from Wikipedia, the free encyclopedia
The situation of the Hejaz in Saudi Arabia

The Hejaz or Hijaz ( Arabic الحجاز al-Hijāz , DMG al-Ḥiǧāz ) is a landscape in western Saudi Arabia , in which the two holy places of Islam , Mecca and Medina , are located.


The Hejaz landscape is 461,111 km² in size and covers the north-western part of the Arabian Peninsula as far as the Yemeni mountainous region, more recently often only to the border of the ʿAsīr landscape .

To the north, the Hejaz is not clearly demarcated from the region called Shām ( Greater Syria with Jordan and Palestine ). In the west, the Red Sea forms the natural boundary.

At the height of Wadi Hamadh, the Midian landscape begins , which is often not counted as part of the Hejaz proper and which extends as far as ʿAqaba . The dry coastal plain of the Tihama is also often not counted as part of the Hejaz. The demarcation to the east to the Nedschd (Nedschd means highlands) is not very clear.

Soil shape, climate

From the coast of the Red Sea the mountains rise to 2,446 m and then slowly drop to the east. The precipitation varies from year to year and reaches a maximum of 600 mm, on average, depending on the altitude, mostly only between 100 and 300 mm. It gets very humid on the coast in summer.


Today, no administrative unit in Saudi Arabia corresponds to the historical landscape of Hejaz.

location province Arabic Capital Area
2004  1)
density Governorates
Tabuk تبوك. Svg Taboo تبوك Taboo 146.072 691.517 4.7 6th
Medina المدينة. Svg al-Madina المدينة Medina 151.990 1,512,076 9.9 7th
Mecca مكة. Svg Makka مكة Mecca 153.128 5,797,971 37.9 12
Al-Baha الباحة. Svg al-Baha الباحة al-Baha 9,921 377.739 38.1 7th


More than six million people live in the Hejaz, mostly Sunni Arabs. Iǧāzi , a peculiar dialect of Arabic, is widespread among the Arab population of the region . The most important cities are Mecca, Medina, Jeddah , Ta'if , Tabuk , Yanbu , al-Wajh and Rabigh.


Due to the desert climate, only Bedouin farming and, in a few oases, agriculture is possible. Trade traditionally plays an important role. The annual pilgrimage ( Hajj ) is also an important economic factor.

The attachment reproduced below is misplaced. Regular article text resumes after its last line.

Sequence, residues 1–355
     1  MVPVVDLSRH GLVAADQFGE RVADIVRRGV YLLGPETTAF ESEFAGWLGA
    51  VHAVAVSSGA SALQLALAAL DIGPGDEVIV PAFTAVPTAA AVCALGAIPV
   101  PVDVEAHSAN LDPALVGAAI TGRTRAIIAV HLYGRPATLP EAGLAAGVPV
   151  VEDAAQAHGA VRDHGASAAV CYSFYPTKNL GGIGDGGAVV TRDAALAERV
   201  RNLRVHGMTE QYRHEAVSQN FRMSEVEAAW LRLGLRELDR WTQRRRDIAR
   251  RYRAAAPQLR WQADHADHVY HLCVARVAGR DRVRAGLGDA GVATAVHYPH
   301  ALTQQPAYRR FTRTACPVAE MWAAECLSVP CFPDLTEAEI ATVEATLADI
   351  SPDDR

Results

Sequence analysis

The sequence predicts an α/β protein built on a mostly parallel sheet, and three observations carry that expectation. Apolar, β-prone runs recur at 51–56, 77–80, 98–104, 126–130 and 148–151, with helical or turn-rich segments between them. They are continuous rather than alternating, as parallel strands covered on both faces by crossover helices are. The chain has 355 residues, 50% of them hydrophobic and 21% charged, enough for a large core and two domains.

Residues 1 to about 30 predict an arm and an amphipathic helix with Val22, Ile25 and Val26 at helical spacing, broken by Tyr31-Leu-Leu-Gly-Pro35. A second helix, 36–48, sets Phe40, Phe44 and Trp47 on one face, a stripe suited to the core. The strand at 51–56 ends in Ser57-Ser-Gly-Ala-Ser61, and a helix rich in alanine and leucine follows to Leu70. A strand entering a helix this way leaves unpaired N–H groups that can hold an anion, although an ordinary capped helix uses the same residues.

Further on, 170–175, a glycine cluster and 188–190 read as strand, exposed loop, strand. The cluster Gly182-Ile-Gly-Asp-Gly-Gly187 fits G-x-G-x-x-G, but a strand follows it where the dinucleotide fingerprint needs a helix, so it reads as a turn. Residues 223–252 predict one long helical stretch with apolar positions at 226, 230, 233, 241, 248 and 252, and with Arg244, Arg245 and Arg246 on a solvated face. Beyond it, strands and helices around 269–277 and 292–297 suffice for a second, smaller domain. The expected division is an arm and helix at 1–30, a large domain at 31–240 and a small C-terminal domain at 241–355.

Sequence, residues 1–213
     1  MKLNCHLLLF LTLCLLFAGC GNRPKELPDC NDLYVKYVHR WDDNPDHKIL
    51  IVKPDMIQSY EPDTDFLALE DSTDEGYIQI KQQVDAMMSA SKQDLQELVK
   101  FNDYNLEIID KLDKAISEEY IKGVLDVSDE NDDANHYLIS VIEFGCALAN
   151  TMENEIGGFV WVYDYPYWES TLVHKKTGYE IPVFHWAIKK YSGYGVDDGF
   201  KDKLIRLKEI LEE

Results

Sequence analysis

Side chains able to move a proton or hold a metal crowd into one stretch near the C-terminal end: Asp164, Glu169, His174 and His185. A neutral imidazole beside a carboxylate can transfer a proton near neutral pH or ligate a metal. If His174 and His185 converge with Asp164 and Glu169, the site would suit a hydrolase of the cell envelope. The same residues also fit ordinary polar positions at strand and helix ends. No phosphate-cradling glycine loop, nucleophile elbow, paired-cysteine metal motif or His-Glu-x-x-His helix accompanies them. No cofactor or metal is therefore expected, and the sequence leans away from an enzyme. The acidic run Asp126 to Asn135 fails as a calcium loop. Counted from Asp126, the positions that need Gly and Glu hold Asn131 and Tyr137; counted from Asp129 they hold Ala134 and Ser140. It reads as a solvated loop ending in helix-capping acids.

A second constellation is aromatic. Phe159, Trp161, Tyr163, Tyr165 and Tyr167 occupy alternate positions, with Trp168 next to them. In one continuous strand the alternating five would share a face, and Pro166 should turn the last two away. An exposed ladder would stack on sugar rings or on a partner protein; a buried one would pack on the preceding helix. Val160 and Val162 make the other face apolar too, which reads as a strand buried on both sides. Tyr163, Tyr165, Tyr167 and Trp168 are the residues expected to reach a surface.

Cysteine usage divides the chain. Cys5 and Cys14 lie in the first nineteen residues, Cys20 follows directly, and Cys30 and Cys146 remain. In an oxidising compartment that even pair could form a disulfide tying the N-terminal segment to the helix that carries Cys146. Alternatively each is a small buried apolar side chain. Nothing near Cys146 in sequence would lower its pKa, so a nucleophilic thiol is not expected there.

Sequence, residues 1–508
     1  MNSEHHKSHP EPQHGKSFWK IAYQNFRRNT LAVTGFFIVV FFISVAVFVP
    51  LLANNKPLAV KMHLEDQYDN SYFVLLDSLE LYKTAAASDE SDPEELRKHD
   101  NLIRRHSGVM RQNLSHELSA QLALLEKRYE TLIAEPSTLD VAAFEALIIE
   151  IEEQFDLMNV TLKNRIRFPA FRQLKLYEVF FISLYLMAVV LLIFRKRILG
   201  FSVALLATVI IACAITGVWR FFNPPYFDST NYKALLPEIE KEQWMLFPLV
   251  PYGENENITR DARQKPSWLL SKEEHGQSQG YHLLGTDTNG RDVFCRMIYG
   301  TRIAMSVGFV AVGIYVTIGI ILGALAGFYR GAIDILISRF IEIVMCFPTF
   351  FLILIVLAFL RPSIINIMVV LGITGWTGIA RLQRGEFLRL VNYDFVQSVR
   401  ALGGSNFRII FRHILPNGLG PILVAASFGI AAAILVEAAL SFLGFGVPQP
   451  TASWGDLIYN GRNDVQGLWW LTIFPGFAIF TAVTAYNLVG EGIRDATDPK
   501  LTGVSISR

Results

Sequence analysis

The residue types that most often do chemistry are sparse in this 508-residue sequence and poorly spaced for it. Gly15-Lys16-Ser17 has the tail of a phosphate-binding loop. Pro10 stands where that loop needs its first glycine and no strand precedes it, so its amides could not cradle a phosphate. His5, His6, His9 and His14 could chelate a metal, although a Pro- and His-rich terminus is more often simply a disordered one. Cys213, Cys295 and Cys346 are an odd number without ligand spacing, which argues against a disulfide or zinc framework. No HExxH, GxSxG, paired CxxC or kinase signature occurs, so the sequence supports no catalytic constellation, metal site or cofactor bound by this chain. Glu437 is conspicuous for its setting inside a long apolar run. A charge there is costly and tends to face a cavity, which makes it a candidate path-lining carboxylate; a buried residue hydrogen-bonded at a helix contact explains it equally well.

Historical borders (1916–1923) in green, today's area in Saudi Arabia in red

In the 7th century under Mohammed, the Hejaz was the starting point of Islam , which after the establishment of the caliphate spread over large parts of the Middle East and North Africa . However, the country soon lost its political importance when the Umayyads moved their residence to Damascus in 661 . From the late 10th century the Hejaz was ruled by the Sherif of Mecca , who successively recognized the supremacy of various Muslim dynasties, such as the Fatimids , Ayyubids and Mamluks . In 1517 the Ottomans took over rule. In the second half of the 19th century they tried to bring the Hejaz under their control and initially formed the Eyâlet Jeddah, which emerged from the Habeş Eyaleti , and from which, after the Vilayet reform from 1867, the new province of Hejaz . The construction of the Hejaz Railway also served this purpose. On the eve of the First World War , the Sanjak Medina was spun off as an independent sanjak and placed directly under the central government.

Hussein ibn Ali , Grand Sherif of Mecca since 1908, began the uprising against the Ottomans during the First World War in 1916 , in which he was supported by Lawrence of Arabia and Great Britain . However, Britain's promises to establish an Arab kingdom after the war were not kept. Even as King of the Hejaz (1916-1924), Hussain could not assert himself against the Wahhabis and Abd al-Aziz ibn Saud . In 1926 the Kingdom of Hejaz was united with the Najd and in 1932 it became part of the Kingdom of Saudi Arabia.

Web links

Commons : Hejaz  - collection of images, videos and audio files

Individual evidence

  1. Hans-Jürgen Kornrumpf: The Ottoman rule on the Arabian peninsula in the 19th century in: Hans-Jürgen Kornrumpf: Contributions to Ottoman history and territorial administration. Isis, Istanbul 2001, ISBN 975-428-199-8 , pp. 40-50